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Manufacturing companies make plea for help amid labor shortage

Manufacturing companies make plea for help amid labor shortage

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TSG Finishing President Michael Goldman, right, speaks to industry and government leaders at the company’s Long View plant. TSG CEO Brian Rosenstein, left, and Valdese Weavers President Blake Millinor, center, were among the group.

Rolls of fabric are piling up in TSG Finishing’s intake area.

The company adds finishes to fabrics — making them waterproof, fire retardant, softer and stiffer — and is seeing increasing demand for their services. They just don’t have enough employees to keep up with the demand.

The struggle to hire is the number one issue facing employers right now, TSG President Michael Goldman said. The company is urging local and state officials to do something about it.

“We all know it’s a problem, but we don’t want to complain without presenting any solutions,” Goldman said.

The company convened with a dozen manufacturing leaders and public officials Friday morning in Long View to talk through the hiring stagnation.

The group included Goldman, TSG CEO Brian Rosenstein, Shurtape Technologies CEO Vuk Trivanovic, Valdese Weavers President Blake Millinor, Century Furniture CFO Brandon Hucks, State Sen. Dean Proctor, a representative from Sen. Thom Tillis’ office, a representative for Rep. Patrick McHenry, Catawba County Economic Development Corporation President Scott Millar, Hickory City Manager Warren Wood and Catawba County Manager Mick Berry.

TSG made their situation clear to the group: the finishing plant is running its fabric finishing machines at 40% capacity. If the company had the number of employees they desire, they’d be able to do 75%. To keep up with the growth in orders they’re seeing now and expect well into the future, TSG wants to employ enough people to run the machines at 90% capacity, Goldman said.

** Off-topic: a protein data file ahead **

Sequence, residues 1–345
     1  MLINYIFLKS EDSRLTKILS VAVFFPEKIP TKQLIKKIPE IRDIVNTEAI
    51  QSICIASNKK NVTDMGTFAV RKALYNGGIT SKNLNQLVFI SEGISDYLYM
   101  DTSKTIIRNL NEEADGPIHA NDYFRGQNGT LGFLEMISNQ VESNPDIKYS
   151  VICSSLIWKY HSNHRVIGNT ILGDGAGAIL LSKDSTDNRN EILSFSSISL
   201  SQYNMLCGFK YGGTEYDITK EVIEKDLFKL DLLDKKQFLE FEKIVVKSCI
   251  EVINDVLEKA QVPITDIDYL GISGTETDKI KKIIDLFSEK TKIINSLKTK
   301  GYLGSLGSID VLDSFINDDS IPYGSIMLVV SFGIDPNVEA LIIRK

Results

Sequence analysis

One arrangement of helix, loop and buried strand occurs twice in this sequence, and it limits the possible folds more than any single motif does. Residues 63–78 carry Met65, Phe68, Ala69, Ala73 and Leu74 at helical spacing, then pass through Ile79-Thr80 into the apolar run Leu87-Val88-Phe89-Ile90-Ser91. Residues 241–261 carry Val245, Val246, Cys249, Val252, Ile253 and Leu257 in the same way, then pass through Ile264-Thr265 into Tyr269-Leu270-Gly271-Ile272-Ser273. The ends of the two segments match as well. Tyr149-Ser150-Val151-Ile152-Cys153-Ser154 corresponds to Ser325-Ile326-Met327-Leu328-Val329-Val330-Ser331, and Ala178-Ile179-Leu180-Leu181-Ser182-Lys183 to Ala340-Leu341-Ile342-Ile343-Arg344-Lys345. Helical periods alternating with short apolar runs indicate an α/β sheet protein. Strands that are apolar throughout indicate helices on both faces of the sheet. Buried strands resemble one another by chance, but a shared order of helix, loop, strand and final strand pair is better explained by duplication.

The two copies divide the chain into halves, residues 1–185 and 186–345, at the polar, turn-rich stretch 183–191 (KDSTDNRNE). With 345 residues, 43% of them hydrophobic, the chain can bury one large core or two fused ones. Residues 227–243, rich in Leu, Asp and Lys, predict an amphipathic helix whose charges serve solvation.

Without the employees they need, the wait time for finishing fabrics has increased from one week to a month or more for an average order, Goldman said.

The company tried increasing pay, improving benefits and adding employee perks without much luck. That’s why they decided to turn to local leaders for help.

Other industry leaders made it clear that TSG is not alone in their hiring struggles.

Shurtape CEO Tribanovic said the company is struggling to keep up with growth.

“We appreciate you guys having this meeting because we are facing challenges supporting our growth,” he said.

Valdese Weavers is seeing a high turnover rate and consistently open positions, company President Millinor said.

“We’ve got 800 employees and like everyone else in the room we’re looking for more,” he said. “This is of critical importance.”

TSG encouraged local leaders to consider specific action that could ease the hiring difficulty, Goldman said.

TSG leaders see the workforce problem as multi-faceted. The causes could be reluctance to work due to health concerns surrounding COVID-19, disincentive to work due to pandemic stimulus programs or the influx of new jobs created by new companies brought to the area by economic incentives, TSG leaders suggested in an agenda packet provided at the meeting.

The company also offered possible solutions for addressing the shortage.

TSG officials suggested local, state and federal leaders should attract immigrants or resettled refugees to western North Carolina to join the manufacturing workforce. The company also encouraged vaccination campaigns to combat vaccine hesitancy, increasing requirements to qualify for unemployment insurance and employer-based stimulus packages.

At a state level, TSG suggested developing incentives for existing manufacturers to retain and hire people in existing jobs and considering legislation to stop federal unemployment supplements or reward COVID-19 vaccination.

Federally, TSG would like to see leaders advocate for a study on the causes of the labor shortage and a focus on buying American-made products.

State Sen. Proctor said that he sees two potential solutions to the shortage: cutting the federal unemployment supplements and mandating that people on unemployment who are offered a job must take it.

TSG, like many companies, is reaching a critical level of staff shortages, Goldman said. He said he’s never seen so many backed up orders waiting to be processed. The company turned some orders away to keep wait times down, and that business may never come back.

Even with incentives and bonuses to keep up with rush and bulk orders, TSG employees can barely turn out the minimum their customers need, Goldman said.


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